As you can tell, mine is a narrative of one thing leading to another. My quest to understand the brain delivered me to the volunteer department at Chicago’s largest hospital, where I joined the patient library service and went door-to-door offering books and magazines to patients and their loved ones on just about every hospital unit. In so doing, I came face-to-face with the power of human suffering, witnessing unrelieved by my customary companions of literary distance and critical theory. The books and magazines were handy props, but I realized my self was the therapeutic tool when I listened to patients’ and families’ narratives of loss and hope, frustration and relief, pain and healing.
Hospital volunteering led to an RN program, which led to master of science in nursing (M.S.N.) in the psychiatric mental health nurse practitioner program. Nurse practitioners (NPs) are RNs who hold advanced degrees and train for a scope of practice that includes ordering labs, prescribing medications, and managing patients’ care. Throughout my journey toward becoming an NP, administrators and faculty at CLC supported a humanist enhancing his teaching by entering the sciences. May all colleges and universities learn from this example: faculty development means nurturing intellectual curiosity rather than encouraging safe residence in academic silos.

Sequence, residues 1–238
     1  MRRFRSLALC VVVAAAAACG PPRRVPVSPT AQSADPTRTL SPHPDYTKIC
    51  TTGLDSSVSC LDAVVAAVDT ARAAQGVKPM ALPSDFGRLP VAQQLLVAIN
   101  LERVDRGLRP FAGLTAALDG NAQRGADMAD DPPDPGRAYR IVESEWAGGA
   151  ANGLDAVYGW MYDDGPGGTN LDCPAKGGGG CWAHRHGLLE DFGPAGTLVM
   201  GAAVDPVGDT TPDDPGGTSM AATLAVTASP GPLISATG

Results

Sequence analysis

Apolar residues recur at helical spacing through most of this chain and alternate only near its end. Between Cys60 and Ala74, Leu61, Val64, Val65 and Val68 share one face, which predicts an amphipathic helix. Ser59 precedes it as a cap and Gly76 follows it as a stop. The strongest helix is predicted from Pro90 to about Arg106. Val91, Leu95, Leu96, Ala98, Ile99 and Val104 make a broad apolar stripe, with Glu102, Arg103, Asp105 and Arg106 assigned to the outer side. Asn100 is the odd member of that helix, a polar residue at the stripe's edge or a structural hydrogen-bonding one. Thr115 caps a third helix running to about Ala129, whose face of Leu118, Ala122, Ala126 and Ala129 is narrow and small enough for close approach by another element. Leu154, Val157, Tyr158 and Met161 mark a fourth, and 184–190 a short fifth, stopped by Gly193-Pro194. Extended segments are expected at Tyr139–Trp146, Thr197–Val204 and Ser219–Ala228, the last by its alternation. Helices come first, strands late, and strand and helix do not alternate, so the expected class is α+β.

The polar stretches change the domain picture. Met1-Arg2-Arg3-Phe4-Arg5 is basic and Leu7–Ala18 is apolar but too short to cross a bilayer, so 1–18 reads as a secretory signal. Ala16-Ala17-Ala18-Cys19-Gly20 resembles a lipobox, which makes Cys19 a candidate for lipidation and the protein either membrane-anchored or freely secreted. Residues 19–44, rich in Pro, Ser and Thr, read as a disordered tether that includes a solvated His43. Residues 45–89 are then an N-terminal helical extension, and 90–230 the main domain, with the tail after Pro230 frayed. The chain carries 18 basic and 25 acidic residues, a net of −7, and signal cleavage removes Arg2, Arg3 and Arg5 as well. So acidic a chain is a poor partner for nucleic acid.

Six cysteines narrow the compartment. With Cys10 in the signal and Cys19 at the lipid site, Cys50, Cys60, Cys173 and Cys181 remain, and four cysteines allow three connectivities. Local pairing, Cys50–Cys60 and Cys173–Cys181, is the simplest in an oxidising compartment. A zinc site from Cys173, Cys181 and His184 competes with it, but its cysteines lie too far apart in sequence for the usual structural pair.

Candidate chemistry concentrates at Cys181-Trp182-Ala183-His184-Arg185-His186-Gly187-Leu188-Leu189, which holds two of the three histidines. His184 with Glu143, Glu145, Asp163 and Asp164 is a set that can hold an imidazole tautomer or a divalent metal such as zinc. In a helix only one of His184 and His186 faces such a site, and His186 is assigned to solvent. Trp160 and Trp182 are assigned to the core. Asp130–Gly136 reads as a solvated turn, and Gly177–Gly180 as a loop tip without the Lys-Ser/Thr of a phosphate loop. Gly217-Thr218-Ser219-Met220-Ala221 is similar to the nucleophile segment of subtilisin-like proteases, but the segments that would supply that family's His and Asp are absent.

To be sure, English professor and psychiatric nurse practitioner look disjunctive at first glance, so some administrators may shy away from devoting scarce resources to faculty members’ cross-disciplinary and inter-professional endeavors. But consider the ways teaching and nursing intersect. As a science, nursing combines micro (microbiology, pharmacology, biochemistry, dose calculations, medication interactions, physical assessments) with macro (diagnoses, health promotion and disease prevention, illness management, codes, decompensation, catastrophic diagnoses, death, birth). In practicing the science of the human response to illness and healing, nurses stand at the intersection of the small and large, directing medical traffic for patients and lending them hope when their reserves run low. Nurses care holistically for people, not pathologies.